Mexico was unable to import around one of the four billion cubic feet of natural gas that the country sources from the US daily, the state utility CFE said Feb. 15 during a virtual press conference.
Roughly 60% of the electricity produced in the country is generated with natural gas, most of which is imported from the US through a system of pipelines, CFE said.
The imbalance caused by the lack of gas affected 6.9 gigawatts (GW) of capacity, the national grid operator Cenace said.
CFE obtains 70% of the imported gas through long term contracts, but 30% is sourced in the spot market which saw record prices because of the winter storm, said Miguel Reyes, head of CFEnergia, the company’s trading arm.
To compensate for the plants that went off-line, CFE has turned on its power plants that run on diesel, coal and fuel oil, Reyes said.
“We have made all our plants available to the national grid operator Cenace to help solve the imbalance,” he said, adding that the service will be re-established fully in the coming days.
The country has also requested two cargoes of liquefied natural gas (LNG), which will arrive through the ports of Mazatlan and Altamira in the coming days, Reyes said.
This blackout makes it evident that Mexico has a dependency to the US natural gas which endangers the reliability of the system in moments of emergency, Reyes said. This was caused by the bad planning of previous administrations, he added.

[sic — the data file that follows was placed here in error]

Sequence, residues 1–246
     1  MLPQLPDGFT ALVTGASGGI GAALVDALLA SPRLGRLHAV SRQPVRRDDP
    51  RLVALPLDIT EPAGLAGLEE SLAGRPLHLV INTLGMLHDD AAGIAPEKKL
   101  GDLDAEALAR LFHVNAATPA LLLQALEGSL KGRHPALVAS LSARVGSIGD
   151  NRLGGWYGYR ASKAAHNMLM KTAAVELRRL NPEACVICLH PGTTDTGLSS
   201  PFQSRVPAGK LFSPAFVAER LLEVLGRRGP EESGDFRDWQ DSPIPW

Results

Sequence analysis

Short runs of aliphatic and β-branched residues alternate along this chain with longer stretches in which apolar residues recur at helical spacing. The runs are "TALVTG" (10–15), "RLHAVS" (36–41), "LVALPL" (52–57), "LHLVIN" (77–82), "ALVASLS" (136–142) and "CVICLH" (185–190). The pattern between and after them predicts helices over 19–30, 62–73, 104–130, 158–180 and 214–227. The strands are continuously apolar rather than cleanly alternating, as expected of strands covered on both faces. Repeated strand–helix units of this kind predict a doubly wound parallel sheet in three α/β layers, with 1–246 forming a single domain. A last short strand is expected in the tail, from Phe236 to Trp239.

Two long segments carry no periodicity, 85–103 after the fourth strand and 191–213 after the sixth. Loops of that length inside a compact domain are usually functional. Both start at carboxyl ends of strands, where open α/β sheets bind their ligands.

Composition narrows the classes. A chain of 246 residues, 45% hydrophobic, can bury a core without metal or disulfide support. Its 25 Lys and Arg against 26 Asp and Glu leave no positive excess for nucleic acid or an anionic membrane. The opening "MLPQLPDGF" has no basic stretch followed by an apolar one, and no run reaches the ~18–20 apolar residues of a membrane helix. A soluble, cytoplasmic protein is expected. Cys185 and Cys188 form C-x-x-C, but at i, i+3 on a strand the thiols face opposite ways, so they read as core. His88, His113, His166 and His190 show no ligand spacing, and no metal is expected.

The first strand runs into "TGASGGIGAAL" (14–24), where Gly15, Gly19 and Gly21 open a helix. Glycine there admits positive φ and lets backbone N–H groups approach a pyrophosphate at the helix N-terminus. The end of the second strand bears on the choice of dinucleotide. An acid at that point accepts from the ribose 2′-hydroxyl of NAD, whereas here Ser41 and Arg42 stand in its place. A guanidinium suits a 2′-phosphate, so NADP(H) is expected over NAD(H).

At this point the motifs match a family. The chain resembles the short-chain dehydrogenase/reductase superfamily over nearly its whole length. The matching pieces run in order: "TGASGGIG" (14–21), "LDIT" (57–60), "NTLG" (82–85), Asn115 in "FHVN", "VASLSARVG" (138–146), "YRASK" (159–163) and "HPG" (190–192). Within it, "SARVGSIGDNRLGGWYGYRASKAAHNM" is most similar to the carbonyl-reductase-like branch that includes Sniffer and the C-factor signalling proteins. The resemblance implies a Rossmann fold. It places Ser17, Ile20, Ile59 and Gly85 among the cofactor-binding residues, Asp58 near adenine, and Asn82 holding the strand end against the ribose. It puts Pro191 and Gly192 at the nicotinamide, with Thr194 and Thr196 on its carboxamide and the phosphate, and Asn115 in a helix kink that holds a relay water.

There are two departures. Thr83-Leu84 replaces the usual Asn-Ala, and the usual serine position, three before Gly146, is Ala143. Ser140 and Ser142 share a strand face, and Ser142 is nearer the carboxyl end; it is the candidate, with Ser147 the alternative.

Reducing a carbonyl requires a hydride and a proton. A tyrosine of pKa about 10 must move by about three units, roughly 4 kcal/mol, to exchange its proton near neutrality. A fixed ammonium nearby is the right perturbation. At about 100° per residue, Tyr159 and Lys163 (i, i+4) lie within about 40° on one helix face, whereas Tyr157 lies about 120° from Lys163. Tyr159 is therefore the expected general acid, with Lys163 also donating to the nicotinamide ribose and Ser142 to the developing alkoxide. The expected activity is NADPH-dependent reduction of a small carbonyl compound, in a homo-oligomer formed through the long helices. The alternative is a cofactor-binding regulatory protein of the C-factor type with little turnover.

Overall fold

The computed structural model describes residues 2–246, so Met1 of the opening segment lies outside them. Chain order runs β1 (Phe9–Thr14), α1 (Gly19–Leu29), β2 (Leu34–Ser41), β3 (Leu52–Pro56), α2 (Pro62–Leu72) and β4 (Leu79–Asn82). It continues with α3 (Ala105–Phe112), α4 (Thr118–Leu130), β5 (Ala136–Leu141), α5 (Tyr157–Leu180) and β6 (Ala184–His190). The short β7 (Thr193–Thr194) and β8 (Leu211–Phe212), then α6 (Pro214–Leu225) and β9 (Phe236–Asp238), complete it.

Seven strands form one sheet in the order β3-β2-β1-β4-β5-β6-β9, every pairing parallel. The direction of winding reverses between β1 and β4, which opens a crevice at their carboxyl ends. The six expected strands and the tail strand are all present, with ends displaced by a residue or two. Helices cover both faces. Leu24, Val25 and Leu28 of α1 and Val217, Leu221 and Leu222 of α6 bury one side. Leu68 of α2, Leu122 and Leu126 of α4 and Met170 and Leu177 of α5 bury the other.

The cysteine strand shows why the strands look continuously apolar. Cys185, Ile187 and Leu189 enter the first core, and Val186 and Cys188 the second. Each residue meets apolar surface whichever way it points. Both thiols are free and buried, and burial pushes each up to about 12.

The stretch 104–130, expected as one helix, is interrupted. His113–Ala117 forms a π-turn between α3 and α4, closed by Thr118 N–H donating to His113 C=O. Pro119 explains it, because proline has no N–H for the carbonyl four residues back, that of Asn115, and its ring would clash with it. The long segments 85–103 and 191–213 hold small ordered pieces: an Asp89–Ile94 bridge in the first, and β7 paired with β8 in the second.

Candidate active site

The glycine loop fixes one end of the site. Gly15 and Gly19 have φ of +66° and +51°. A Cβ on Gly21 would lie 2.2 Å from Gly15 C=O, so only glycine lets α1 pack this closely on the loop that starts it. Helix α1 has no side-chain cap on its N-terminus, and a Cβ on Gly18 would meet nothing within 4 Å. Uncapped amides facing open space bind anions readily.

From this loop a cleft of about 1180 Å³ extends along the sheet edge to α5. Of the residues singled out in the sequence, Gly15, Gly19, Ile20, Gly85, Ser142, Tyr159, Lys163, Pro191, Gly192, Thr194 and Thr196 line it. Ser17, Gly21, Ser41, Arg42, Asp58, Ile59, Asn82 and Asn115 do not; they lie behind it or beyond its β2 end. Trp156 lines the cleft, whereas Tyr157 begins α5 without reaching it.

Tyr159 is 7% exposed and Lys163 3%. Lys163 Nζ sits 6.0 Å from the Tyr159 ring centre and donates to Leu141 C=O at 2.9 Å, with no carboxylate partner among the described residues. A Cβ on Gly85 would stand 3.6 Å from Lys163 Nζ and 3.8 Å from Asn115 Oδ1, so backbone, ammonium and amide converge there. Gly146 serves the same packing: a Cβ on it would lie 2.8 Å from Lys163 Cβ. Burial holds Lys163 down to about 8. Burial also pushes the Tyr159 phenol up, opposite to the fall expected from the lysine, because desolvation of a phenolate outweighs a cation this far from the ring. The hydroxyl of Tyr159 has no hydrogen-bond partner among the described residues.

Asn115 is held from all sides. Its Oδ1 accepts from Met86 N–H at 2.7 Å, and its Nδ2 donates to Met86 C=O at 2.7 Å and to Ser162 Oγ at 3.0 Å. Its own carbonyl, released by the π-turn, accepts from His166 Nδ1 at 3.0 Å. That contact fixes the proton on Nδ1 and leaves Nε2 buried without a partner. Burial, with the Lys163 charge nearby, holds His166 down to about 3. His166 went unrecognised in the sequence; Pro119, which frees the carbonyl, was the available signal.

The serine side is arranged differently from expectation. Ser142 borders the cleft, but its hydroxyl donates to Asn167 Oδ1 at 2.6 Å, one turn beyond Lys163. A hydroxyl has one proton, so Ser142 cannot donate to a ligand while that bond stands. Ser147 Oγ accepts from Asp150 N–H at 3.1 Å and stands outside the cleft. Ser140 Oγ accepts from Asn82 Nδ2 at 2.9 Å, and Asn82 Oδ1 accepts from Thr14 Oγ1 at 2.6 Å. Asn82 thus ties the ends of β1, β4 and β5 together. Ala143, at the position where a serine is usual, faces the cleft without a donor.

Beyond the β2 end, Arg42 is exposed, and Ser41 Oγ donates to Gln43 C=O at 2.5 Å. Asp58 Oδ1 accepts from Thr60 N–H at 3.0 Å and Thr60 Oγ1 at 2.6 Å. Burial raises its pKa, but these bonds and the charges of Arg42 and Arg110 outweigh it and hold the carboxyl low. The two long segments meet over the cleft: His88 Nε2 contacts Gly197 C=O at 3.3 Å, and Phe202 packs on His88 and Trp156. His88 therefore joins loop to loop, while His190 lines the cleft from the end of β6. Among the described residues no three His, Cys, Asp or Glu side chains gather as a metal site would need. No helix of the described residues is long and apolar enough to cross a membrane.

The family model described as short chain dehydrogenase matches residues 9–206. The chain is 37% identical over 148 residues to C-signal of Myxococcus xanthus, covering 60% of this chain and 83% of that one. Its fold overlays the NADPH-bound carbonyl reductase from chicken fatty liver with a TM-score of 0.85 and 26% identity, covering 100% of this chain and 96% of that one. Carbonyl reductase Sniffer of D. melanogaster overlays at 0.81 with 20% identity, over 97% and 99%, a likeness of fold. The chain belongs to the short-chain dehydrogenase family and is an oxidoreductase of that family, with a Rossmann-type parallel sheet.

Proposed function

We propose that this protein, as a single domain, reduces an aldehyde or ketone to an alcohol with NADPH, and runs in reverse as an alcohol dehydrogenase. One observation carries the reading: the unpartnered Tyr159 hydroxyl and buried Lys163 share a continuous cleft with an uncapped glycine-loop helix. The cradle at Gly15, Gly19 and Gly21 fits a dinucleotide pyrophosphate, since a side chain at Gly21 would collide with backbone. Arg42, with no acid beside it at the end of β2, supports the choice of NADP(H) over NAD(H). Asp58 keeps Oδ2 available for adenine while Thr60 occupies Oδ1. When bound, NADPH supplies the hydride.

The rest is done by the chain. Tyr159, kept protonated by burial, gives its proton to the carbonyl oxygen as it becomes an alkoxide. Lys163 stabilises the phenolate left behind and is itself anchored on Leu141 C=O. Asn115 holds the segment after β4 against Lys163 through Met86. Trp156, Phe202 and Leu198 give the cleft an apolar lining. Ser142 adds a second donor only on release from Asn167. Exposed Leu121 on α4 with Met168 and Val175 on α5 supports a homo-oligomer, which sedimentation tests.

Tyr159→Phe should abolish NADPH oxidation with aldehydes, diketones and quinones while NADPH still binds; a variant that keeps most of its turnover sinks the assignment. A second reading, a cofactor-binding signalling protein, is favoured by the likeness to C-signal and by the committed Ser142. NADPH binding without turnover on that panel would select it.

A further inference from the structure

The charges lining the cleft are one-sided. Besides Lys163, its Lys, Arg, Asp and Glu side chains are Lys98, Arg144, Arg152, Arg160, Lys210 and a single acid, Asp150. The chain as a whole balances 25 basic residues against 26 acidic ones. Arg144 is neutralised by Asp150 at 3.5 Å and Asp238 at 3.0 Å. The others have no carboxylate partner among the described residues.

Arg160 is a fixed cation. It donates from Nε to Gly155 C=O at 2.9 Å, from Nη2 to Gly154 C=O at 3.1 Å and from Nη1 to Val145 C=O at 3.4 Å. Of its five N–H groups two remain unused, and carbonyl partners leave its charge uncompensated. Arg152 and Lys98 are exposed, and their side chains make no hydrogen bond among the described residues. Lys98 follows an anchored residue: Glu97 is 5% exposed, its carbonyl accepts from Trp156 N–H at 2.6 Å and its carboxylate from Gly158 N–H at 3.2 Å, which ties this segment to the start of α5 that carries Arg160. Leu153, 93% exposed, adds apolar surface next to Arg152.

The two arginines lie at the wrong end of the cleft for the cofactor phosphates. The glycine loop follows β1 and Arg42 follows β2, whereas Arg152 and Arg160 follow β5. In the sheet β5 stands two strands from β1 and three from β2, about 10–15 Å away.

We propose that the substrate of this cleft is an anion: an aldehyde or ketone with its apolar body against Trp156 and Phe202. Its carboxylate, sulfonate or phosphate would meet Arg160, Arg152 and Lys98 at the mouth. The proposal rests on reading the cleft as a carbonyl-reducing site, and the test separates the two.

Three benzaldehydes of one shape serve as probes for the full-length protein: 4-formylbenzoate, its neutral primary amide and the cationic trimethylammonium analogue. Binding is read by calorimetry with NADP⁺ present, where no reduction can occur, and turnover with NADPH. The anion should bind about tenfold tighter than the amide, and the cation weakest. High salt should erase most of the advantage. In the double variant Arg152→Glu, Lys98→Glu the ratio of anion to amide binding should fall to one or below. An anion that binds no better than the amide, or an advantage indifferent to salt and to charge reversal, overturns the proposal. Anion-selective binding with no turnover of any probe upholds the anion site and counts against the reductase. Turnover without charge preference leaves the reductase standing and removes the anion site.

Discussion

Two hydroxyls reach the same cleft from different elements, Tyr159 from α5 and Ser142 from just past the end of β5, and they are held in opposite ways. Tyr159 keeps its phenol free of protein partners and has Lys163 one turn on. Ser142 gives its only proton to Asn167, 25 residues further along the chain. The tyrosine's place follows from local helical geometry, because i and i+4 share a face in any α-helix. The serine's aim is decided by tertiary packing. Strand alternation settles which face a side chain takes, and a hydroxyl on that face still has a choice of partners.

However, dependency on natural gas is not negative, particularly if the conditions are as good as in the US in terms of pricing, David Rosales, a partner specialized in the midstream sector at consultancy Potenco, told S&P Global Platts.
“American natural gas is one of the most robust sources of energy, and the low price it has had in the recent years has made it even more efficient,” Rosales said.
What Mexico needs is specific tools that help the system mitigate the risks associated with natural gas, like storage facilities and higher penetration of renewable energies, he said, pointing out that these two initiatives have been halted by the current administration.
Mexico, under President Andres Manuel Lopez Obrador, began a policy shift that halted the open-market initiatives set by previous administrations in the electricity sector in order to bring back the dominance of CFE.
The country cancelled the long-term auctions to buy electricity from private producers and has made changes to the regulations that allow companies to generate their own power. The president has recently sent an initiative to Congress to modify the priority in which Cenace organizes power plants to give preference to CFE.